On January 12, 2022, Monster Hunter Rise finally made its way to PC. While I haven’t written much about the game here, longtime readers will know that I’m a fan of the series, who played its predecessor Monster Hunter World a lot. That said, the lack of a Nintendo Switch meant that I wasn’t able to pick Rise up when it first launched in March of 2021. However, having to wait for the PC version may have been fortuitous in that it let me experience what may be one of the most competent PC ports of a game from Capcom.
Now Monster Hunter as a franchise hasn’t really had a stellar history on PC. Monster Hunter World‘s PC release was fraught with quite a number of bugs and glitches. This was despite the fact that the game was on Capcom’s old MT Framework engine, a game engine that had powered other games with competent PC ports.
With Monster Hunter Rise‘s PC launch then, Capcom’s Monster Hunter team had a lot of work to do to win over fans.
A very competent PC port
While Monster Hunter Rise‘s PC launch was far from bug-free (what modern game launch truly is), it’s far from the mess that was Monster Hunter World‘s PC release. Indeed, Steam notes that user reviews for the game are “Very Positive.” Helping this is the fact that, not only was the game running on a new engine—the REach for the Moon engine (RE Engine for short) used in the latest Resident Evil and Devil May Cry titles—, Capcom had also given the game a graphical update during the porting process.
The PC version of Monster Hunter Rise comes with a fresh coat of paint in the form of high-resolution textures to help the game look better than it ever did on Switch. Sure, Monster Hunter World and its Iceborne expansion still look much better, but Rise on PC with the new textures isn’t far behind.
This is on top of the ability to play the game at as high a framerate as my hardware will allow. Rise on Switch infamously struggled to hit its 30 fps framerate cap at times. This is not the case on PC. On my own, admittedly above-average computer, the game had no trouble hitting triple-digit framerates, often beyond the 144hz refresh rate of my monitor.
All-in-all, Monster Hunter Rise‘s PC version is a very good-looking game that runs quite smoothly.
A renewed focus on PC
For anyone paying attention to news from Capcom HQ in Osaka, that Monster Hunter Rise runs so well on PC shouldn’t be a surprise. Back in October, Capcom Chief Operating Officer Haruhiko Tsujimoto stated that they would be focusing on the PC platform for both the Monster Hunter and Resident Evil franchise.
“PC is driving global sales,” Tsujimoto stated. “We have recently stated that we will make the PC our main platform. At this year’s Tokyo Game Show, we focused on exhibiting the PC version of Monster Hunter Rise, and I think people will be able to experience the change in our approach.”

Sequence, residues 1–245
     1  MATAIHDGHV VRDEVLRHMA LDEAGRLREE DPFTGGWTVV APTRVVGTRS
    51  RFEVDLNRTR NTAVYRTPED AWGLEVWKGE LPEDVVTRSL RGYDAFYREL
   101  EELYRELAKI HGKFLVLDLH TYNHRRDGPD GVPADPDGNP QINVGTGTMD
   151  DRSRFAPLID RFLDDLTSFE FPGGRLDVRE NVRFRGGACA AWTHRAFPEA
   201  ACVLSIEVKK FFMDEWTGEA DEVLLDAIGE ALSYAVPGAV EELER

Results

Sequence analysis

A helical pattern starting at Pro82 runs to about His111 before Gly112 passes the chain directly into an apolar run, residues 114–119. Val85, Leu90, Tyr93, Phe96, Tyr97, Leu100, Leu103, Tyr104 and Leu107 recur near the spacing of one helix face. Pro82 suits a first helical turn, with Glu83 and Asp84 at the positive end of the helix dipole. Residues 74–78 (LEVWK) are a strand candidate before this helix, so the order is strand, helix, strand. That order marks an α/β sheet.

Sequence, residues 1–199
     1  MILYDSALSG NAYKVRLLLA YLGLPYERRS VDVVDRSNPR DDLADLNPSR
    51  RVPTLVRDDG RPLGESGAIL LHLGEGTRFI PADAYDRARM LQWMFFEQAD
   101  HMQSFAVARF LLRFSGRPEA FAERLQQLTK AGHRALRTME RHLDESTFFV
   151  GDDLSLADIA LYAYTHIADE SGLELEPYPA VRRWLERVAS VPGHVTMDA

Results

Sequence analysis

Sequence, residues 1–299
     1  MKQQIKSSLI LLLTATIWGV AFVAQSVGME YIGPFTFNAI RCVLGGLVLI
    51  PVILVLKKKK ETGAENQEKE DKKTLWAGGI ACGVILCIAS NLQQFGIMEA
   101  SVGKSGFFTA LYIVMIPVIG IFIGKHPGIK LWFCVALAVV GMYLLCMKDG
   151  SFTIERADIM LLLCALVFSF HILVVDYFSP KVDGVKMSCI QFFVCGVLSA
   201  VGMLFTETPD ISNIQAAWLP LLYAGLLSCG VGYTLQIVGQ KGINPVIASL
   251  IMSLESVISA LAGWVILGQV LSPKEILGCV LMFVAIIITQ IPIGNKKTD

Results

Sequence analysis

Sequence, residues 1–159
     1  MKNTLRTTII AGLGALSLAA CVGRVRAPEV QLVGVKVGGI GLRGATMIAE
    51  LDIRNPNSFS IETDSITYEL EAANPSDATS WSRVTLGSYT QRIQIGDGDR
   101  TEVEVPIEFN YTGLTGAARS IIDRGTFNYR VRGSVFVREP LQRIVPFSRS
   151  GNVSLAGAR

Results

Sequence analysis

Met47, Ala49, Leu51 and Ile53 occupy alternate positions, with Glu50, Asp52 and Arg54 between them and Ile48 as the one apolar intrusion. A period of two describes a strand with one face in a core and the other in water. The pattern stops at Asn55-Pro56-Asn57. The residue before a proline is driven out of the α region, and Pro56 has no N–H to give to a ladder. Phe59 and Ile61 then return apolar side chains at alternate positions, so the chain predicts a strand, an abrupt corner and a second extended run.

What made this a momentous moment is that, for the longest time, Japanese developers tended to not give PC ports the same importance as console releases. PC ports of some of the biggest Japanese-developed titles often released months or even years after their console versions—that is if they get released on PC at all. And those PC releases often came with bugs, the most recent example of which is Final Fantasy VII Remake‘s buggy PC port.
For the longest time, many fans had the impression that Japanese developers thought that PCs were only for independent “doujin” (fan-made) titles, often within the visual novel genre, and not for big AAA or even AA games. This impression wasn’t helped by some Japanese developers actually being surprised when their games did well on PC, as was the case with Atlus and Persona 4 Golden. The success of the latter game actually prompted Atlus’ parent company Sega to announce that they’d focus on more PC.
A renaissance of Japanese games on PC?
Of course, a company saying that it will put more focus on PC is one thing, them actually doing so is another. For example, while Sega promised to focus more on PC, especially with Persona, there hasn’t been much from them or Atlus about PC ports of their titles—save for an upcoming re-release of fighting-game spinoff Persona 4 Ultimax that’s been criticized for lacking modern networking. (Read: Fighting in the time of COVID: the problems of online play and how the community has adapted)
Capcom, however, seems to be putting its money where its mouth is, as demonstrated by the excellent Monster Hunter Rise PC port. Beyond that, the PC ports of other games on the RE Engine—such as Resident Evil Village, Devil May Cry V—have also been pretty good.
And while other Japanese developers are still making some missteps—again, hello Final Fantasy VII Remake on PC—other smaller companies have also been giving the platform more love.
Over the past few months, Arc System Works has been updating the PC versions of some games in its BlazBlue fighting game franchise with modern, rollback networking, helping drive their sales. Speaking of fighting games, SNK is planning a simultaneous PC and console release for its flagship King of Fighters XV. Prior to this, the PC versions of SNKs big-name fighting games arrived years after they were released on console.
All these and more show that Japanese developers have finally realized the importance of the PC market. Hopefully, this means that it won’t be too long before competent and timely PC releases of Japanese games become the norm.
In the meantime, I’ll continue to play Monster Hunter Rise, especially since its Sunbreak expansion is set to arrive later this year, simultaneously on both Switch and PC.
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